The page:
Clear systems were in place to administer people’s medicines. People had medicine profiles which detailed how they liked to take their medicines. Staff had received training in the safe handling of medicines and policies and procedures were in the process of being reviewed.

The Care Quality Commission monitors the operation of the Deprivation of Liberty Safeguards which applies to care homes. No applications from this home had been required. Relevant staff had been trained to understand when an application should be made, and how to submit one.

Is the service effective?

People had detailed support plans in place, which provided staff with the information they required, to meet individual needs.

Training was given priority to ensure staff had the knowledge and skills to undertake their role effectively. Staff felt well supported and used both formal and informal supervision to discuss and review their practice.

Is the service well led?

The manager worked as part of the staffing roster and knew people well. There were regular meetings to ensure information was shared and views could be given. The systems in place enabled good communication within the staff team.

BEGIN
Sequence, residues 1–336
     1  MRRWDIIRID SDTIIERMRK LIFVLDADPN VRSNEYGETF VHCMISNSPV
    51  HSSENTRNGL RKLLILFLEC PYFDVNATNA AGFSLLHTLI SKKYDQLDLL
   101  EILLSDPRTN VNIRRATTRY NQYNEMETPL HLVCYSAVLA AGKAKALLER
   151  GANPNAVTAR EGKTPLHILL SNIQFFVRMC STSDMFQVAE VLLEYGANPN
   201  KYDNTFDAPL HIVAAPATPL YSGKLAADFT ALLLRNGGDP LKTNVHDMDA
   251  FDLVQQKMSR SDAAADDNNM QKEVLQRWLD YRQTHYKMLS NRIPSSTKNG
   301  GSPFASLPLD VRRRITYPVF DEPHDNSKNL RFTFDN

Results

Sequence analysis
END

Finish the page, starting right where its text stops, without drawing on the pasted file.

Whilst senior managers undertook audits as part of their monthly visits, the manager checked practice on a day to day basis. These checks were not recorded and formal audits were not undertaken.

Inspection carried out on 13 August 2013

During a routine inspection

During our visit we were able to meet with two of the three people who lived at the home. The other person was unwell so we did not disturb them. One of the people we met told us they were happy living at the home. The other person was unable to verbally communicate with us but we observed positive interactions between them and the staff on duty.

All of the staff had attended training on the Mental Capacity Act 2005. Evidence in care records demonstrated the provider had considered people’s capacity to make decisions about their health and welfare. We saw where people were unable to make major decisions best interest meetings had been held within a multi-disciplinary team.

We saw people’s likes and dislikes had been considered when the menu was compiled.

We toured the home and found it to be clean and tidy throughout. There was a cleaning schedule completed by members of staff.

We looked at the recruitment records of the most recently recruited member of staff and saw all appropriate information had been gathered and recorded. A member of staff we spoke with described their induction period and the training they had completed.